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A Few Pioneering Barn Authors
We owe much of our knowledge of North American barn architecture to several fine authors. However, the great and varied topic of North American barns actually had a poor press until the mid 1950’s. It was in 1954 that the famed painter of early Americana Eric Sloane wrote the first book on barns that ever appeared on the continent — American Barns and Covered Bridges. Later in 1966 his classic book was published – An Age of Barns where he discussed a wide diversity of barn types. It could be said that Sloane was the first to put barns on the proverbial map. To him we owe a great debt of gratitude to both his pioneering spirit and enthusiasm. He among the other authors listed here is considered thee pioneer barn author. Greg Huber met Eric Sloane perhaps a dozen times.

Eric Sloane

Pennsylvania itself produced four barn historians and they are found in the names of – Alfred Shoemaker, John Heyl, Joseph Glass and Robert Ensminger — all native Pennsylvanians. Each man has made a significant contribution to the knowledge of barns of Pennsylvania and each man’s work is distinguished from the other.


Barn authors (from L to R) Joseph Glass, John Heyl, and Robert Ensminger

Alfred Shoemaker
was the editor of the first book exclusively devoted to barns in Pennsylvania. Among four other authors, Shoemaker himself contributed twelve articles to this initial effort that appeared in 1955.

John Heyl was born in April 1906 just eight days after the earthquake that shook San Francisco. He is in excellent health. John along with architect Charles Dornbusch in 1958 wrote the book Pennsylvania German Barns. This book was the first attempt at the delineation of barn types by construction means. Greg Huber first met John Heyl in October of 1992.

Joseph Glass from Millersville in Lancaster County wrote his PHD dissertation in 1969 called “The Pennsylvania Culture Region – A Geographic Interpretation of Barns and Farmhouses.” Later in 1986 the basic material was transformed into a book called The PA Culture Region – A View from the Barn. After Heyl and Dornbusch’s book it was the first true scholarly attempt in book length form. Greg Huber first met Joseph Glass in July 1992. Joseph was born in 1930.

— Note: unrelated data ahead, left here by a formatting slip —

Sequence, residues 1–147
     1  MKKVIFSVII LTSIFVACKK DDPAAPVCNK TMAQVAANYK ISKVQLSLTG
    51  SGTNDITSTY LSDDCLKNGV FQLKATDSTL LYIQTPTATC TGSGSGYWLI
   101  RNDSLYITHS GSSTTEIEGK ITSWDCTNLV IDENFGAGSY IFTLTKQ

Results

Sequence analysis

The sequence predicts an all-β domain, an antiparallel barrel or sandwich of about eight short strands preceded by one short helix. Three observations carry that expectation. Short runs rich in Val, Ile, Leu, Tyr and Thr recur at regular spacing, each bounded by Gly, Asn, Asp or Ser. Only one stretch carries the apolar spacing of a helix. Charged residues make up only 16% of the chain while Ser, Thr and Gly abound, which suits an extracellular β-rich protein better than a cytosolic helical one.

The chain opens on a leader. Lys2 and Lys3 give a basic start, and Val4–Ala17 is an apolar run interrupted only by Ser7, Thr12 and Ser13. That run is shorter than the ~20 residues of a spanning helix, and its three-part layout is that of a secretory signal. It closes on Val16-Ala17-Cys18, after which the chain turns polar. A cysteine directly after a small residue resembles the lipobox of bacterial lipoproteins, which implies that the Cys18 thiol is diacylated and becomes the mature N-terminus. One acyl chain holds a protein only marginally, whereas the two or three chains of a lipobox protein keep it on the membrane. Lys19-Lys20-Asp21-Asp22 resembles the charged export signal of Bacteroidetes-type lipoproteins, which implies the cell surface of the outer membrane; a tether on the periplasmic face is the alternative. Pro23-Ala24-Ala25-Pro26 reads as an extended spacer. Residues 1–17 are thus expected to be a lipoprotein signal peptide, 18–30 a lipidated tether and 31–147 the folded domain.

Robert Ensminger wrote his classic book in 1992 — The Pennsylvania Barn – Its Origin, Evolution and Distribution in North America. The greatest contribution in this book consists of three things. First — tracing the European connection or origin to eastern Switzerland – principally in Pratigau. Second — a classification of the Pennsylvania barn was created. Three classes of barns were recognized along with almost two dozen types. Third — the distribution of the barn type which extended far beyond the boundaries of Pennsylvania. His work has had the greatest influence in affecting EBC’s work on the barns of Pennsylvania. Greg Huber first met Robert Ensminger in July 1976. They have maintained a close personal friendship in the past twenty years. Bob was born in 1927.

Henry Glassie, the great folklore scholar researched and wrote treatises on barns in the early to mid 1960’s and he contributed a solid base of knowledge of American barns especially those originating from Pennsylvania. Other work he did was published in a long article often considered a classic — Barn Building in Otsego County, New York that included a windshield survey of nearly 2,200 barns. Greg Huber first met Henry Glassie in January 1978. In February 2002 he conducted a three hour personal interview of Henry at State College, PA. Henry was born in 1941.

John Fitchen was another early contributor to the awareness of barns and his classic work – The New World Dutch Barn appeared in 1968. This was the first genuine attempt by a trained architect to delineate the major structural characteristics of a major North American barn type that was erected in eastern New York and the northern half of New Jersey. With the examination of more than 600 barns Greg Huber later expanded upon his work in the 1975 to 2005 time frame. In 2001 he did an in-depth expansion and editing of the second edition of his book. Greg met John Fitchen the first and only time in September 1978 at his home in Hamilton, New York. He spoke to John a few times on the phone. John died in 1990.

Eric Arthur and Dudley Witney, two Canadian based authors in 1972 produced their classic half scholarly-half coffee table book The Barn A Vanishing Landmark in North America. It is replete with illustrations of early and later built barns throughout much of the continent. This book may well have been an important stimulus for a number of books that came out after about 1975. Most of them are not scholarly treatises. Greg Huber first met Dudley Witney in May 2001. Dudley was born in May 1926

The 1975 to 2009 era has seen literally dozens of books appear before the consuming public. Almost all of the authors of the books have not been trained – albeit by means of their own disciplined studies or lack there-of – the fine constructions points of the barns they present in their books.

Eastern Barn Consultants     •      P.O. Box 82      •     Macungie, PA 18062      •      Phone: 610-967-5808 E-mail
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